Murphy insists that he told his defense lawyer about the blue light camera. However, Murphy has failed to provide any evidence indicating (1) that a blue light camera existed in the vicinity of 3401 Presstman Street at the relevant time; (2) that Murphy asked his attorney to investigate such video footage; (3) that the video footage was exculpatory; or (4) that Tayback did not investigate the video (if any) from the blue light camera.[12] Therefore, Murphy has failed to meet his burden with respect to his claim regarding the "blue light camera." See Miller v. United States, 261 F.2d 546, 547 (4th Cir. 1958) ("Because the proceeding under 28 U.S.C.§ 2255 is a civil collateral attack upon the judgment of conviction, the burden of proof is upon petitioner to establish by a preponderance of evidence that he did not intelligently waive his right to assistance of counsel."); United States v. Rogers, 2013 WL 5740476, at *2 (D. Md. Oct. 22, 2013) ("In a § 2255 motion, the defendant bears the burden of proving grounds for a collateral attack by a preponderance of the evidence.").

Moreover, at the Rule 11 guilty plea proceeding held on July 7, 2009, Murphy expressly indicated, under oath, that he carefully reviewed the Statement of Facts contained in Attachment A to the plea agreement and, with the exception of a typographical correction of an address, he agreed that the Statement of Facts was true, correct, and accurate. See ECF 68-7, Gov't Ex. G (Rule 11 transcript), at 5-6. Notably, the Statement of Facts provided that Murphy drove the truck from the area in question on February 19, 2009, and that he discarded the bag that the police subsequently recovered. See ECF 18 at 8 (Attachment A to Plea Agreement, titled "Agreed Statement of Facts"). This directly conflicts with Murphy's current claim that he did not drive the vehicle that night.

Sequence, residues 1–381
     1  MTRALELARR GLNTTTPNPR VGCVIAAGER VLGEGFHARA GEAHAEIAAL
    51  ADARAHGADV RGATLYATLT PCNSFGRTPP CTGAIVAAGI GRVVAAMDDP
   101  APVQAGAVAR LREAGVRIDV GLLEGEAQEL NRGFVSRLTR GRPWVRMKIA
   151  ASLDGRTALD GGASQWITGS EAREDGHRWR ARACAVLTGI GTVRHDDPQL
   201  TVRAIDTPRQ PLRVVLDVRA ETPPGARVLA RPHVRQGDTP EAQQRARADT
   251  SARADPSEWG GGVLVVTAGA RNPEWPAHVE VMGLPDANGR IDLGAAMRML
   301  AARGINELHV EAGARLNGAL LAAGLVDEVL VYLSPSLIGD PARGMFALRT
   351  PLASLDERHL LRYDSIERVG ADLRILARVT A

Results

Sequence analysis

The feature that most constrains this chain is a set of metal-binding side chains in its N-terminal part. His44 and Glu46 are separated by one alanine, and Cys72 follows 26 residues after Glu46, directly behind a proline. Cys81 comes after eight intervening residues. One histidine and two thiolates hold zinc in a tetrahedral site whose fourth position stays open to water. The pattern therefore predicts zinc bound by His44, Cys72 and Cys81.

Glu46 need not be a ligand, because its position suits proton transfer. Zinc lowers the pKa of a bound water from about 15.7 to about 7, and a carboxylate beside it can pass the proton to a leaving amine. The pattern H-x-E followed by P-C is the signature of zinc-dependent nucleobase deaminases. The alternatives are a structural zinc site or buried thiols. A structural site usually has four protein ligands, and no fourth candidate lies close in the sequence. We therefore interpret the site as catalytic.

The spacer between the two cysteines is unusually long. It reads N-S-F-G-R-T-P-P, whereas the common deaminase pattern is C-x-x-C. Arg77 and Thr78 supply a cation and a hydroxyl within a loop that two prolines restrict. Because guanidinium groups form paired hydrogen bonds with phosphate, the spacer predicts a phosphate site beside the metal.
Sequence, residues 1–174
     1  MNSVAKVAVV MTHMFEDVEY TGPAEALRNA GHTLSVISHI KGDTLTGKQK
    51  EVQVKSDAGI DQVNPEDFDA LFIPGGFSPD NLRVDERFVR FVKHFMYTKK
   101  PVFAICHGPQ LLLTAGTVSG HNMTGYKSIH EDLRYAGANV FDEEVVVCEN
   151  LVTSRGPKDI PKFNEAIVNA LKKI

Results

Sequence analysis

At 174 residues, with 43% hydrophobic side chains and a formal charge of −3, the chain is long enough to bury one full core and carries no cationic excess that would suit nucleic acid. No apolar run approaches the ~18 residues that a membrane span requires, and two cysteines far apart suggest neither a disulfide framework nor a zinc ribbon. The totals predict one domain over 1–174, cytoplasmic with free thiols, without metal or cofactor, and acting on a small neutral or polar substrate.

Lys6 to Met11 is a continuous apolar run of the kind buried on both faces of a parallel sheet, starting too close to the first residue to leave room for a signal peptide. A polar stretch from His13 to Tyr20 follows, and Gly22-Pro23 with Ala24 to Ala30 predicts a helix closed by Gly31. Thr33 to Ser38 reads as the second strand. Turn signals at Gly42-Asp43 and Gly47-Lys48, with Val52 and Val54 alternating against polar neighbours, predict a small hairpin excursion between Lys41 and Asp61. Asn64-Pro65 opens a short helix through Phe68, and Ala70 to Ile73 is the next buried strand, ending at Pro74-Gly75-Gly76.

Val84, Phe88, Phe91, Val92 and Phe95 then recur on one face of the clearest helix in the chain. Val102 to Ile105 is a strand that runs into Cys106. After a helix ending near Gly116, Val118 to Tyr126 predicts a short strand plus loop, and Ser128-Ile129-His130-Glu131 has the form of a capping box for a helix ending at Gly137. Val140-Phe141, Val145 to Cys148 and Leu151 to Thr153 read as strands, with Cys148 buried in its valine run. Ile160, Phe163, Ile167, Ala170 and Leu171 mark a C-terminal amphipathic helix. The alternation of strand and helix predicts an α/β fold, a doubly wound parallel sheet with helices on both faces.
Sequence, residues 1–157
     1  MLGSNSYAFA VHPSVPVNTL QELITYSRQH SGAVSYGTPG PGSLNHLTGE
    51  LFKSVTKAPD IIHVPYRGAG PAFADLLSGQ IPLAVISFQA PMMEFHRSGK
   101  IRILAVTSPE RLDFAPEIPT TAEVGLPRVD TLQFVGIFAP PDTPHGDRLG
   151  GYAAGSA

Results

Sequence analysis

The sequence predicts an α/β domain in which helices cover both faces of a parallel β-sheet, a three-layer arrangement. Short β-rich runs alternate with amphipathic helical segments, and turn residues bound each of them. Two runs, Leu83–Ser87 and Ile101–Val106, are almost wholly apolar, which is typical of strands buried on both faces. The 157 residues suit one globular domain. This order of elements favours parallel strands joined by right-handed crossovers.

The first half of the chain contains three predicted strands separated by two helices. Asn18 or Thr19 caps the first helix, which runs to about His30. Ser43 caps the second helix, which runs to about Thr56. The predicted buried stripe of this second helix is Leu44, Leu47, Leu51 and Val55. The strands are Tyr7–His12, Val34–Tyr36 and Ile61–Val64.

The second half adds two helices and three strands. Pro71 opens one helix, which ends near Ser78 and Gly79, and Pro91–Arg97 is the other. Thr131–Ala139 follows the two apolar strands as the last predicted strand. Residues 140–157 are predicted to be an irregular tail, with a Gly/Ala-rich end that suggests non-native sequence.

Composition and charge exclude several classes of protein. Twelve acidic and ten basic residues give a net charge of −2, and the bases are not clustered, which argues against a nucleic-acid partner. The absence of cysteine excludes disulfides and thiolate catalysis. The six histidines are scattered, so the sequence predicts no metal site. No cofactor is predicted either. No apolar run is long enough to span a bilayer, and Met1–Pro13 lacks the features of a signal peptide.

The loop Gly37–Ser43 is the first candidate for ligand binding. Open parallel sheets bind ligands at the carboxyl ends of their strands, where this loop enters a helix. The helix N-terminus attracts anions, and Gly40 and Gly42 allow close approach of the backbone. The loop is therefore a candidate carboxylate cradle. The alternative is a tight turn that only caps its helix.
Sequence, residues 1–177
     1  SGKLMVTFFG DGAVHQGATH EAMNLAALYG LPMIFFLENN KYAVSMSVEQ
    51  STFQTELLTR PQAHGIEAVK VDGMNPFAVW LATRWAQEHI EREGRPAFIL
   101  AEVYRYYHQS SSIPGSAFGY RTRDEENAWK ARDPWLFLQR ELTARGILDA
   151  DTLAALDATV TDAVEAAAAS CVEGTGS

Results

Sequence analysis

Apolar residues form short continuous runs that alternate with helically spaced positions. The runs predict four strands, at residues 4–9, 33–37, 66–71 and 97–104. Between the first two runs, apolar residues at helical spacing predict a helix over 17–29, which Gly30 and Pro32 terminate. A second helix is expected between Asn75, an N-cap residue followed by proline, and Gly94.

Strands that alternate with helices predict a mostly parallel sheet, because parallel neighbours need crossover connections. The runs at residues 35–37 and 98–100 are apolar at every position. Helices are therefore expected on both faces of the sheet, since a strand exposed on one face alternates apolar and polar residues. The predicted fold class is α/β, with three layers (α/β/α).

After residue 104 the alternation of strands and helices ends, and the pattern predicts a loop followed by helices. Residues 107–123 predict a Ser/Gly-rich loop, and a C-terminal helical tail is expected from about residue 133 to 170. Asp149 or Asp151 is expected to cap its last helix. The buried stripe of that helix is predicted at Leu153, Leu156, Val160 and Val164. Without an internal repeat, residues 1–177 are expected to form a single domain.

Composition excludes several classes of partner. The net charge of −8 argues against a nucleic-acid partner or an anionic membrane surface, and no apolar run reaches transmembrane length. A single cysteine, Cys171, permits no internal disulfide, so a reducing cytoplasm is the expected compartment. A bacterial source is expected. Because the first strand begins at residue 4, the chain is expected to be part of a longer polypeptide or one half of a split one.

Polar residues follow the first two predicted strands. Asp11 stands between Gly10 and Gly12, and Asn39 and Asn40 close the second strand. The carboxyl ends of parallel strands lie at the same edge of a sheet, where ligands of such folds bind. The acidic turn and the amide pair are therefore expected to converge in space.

Put another way, Murphy's Petition contradicts his sworn testimony during the Rule 11 hearing. "[A] defendant's solemn declarations in open court affirming [a plea] agreement... carry a strong presumption of verity[.]''" United States v. Lemaster, 403 F.3d 216, 221 (4th Cir. 2005) (citations omitted). Further, as the Lemaster Court said, id. : "[I]n the absence of extraordinary circumstance, ... allegations in a § 2255 motion that directly contradict the petitioner's sworn statements made during a properly conducted Rule 11 colloquy are always palpably incredible' and patently frivolous or false.'" (citations omitted).